CHICAGO -- The Chicago Bears gave scarce flu vaccines to two players who have asthmatic conditions that placed them at high risk of developing influenza, the team said Friday. The Chicago Bulls NBA team also was vaccinated.
Healthy players who asked whether they should receive the
vaccinations were told no, Bears spokesman Scott Hagel said.
"The players that received the shots were the ones that were in
the high-risk category," Hagel said. "Nothing was offered
categorically across our players. This is part of our standard
procedure every year."
The team returned its unused flu vaccine to the distributor,
"We received our order in mid-September, well before the
shortage was announced," Hagel said. The nationwide shortage was
announced Oct. 5.
The team called a news conference Friday after the players'
morning practice in response to media reports that healthy players
had received the vaccinations.
"Everybody is really conscious of what is going on," defensive
end Michael Haynes said. "We realize there is a shortage, and
everybody is trying to do their part."
Generally, only players who need the vaccinations are offered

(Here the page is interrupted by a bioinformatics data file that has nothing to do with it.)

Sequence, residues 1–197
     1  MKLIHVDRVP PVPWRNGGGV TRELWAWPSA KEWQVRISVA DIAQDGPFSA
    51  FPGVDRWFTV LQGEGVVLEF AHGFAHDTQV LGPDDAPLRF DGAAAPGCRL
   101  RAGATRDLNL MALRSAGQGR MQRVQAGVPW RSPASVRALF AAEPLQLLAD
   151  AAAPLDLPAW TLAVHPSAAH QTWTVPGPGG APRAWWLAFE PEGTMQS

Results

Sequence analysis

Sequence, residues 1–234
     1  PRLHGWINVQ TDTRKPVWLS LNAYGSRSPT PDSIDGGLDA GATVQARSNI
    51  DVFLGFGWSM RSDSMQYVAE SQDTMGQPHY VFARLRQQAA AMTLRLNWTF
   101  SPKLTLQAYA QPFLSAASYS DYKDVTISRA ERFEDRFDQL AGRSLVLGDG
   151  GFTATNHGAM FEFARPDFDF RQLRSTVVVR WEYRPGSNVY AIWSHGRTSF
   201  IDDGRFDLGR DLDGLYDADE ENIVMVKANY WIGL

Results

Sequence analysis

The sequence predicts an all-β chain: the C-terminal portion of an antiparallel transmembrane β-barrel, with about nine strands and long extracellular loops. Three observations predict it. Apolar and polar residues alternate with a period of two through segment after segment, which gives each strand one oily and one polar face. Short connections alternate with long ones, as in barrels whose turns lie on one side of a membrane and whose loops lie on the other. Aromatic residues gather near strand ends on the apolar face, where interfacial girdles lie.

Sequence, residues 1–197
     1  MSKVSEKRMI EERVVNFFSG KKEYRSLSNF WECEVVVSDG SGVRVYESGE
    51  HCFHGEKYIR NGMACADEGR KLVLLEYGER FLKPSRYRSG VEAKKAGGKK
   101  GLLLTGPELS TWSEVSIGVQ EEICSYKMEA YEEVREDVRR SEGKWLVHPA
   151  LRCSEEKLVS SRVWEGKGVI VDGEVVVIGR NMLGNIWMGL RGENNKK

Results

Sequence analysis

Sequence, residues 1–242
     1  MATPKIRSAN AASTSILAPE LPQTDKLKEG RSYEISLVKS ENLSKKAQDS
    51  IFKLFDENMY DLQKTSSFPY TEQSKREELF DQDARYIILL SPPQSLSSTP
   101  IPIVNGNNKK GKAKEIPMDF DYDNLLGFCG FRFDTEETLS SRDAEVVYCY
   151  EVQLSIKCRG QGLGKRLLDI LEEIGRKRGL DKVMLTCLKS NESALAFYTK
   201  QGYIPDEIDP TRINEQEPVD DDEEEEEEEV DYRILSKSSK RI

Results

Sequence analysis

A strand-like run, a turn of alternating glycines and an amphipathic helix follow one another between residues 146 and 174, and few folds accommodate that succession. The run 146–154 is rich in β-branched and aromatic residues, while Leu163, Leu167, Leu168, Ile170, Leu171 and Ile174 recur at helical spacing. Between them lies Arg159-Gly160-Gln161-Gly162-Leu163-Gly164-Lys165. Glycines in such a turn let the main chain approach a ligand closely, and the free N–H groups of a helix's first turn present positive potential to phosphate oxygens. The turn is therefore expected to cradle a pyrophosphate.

them, Haynes said.
"A lot of us are healthy and we don't have respiratory
problems. Obviously we're not old and we're not young, not little
kids, so we don't need it and we know that," he said.
Linebacker Hunter Hillenmeyer said he wasn't offered a shot.
"No. I mean, come on, guys, are you serious? No," Hillenmeyer
said. "I didn't even know they were doing it. I didn't even know
they were giving them."
Chicago Bulls players received the vaccinations Oct. 4 -- one day before the
shortage was announced.
"We absolutely need them," guard Eric Piatkowski said. "The
way we travel, we're going in and out of cold and warm climates. I
won't say we need them more than some 85-year-old person, because
obviously we don't. But I'm glad we got them."
The vaccine shortage was caused when one of the nation's two
suppliers, Chiron Corp., was barred from shipping its vaccine because of contamination. That cut almost in half the 100 million doses U.S. officials were expecting.
Officials urged healthy Americans to forgo shots so there will be
enough for those at highest risk of getting seriously ill from flu.
Those at risk include babies and toddlers ages 6 months to 23
months, adults 65 or older, and people with chronic illnesses.
Each year, 200,000 Americans are hospitalized with the virus and 36,000 die.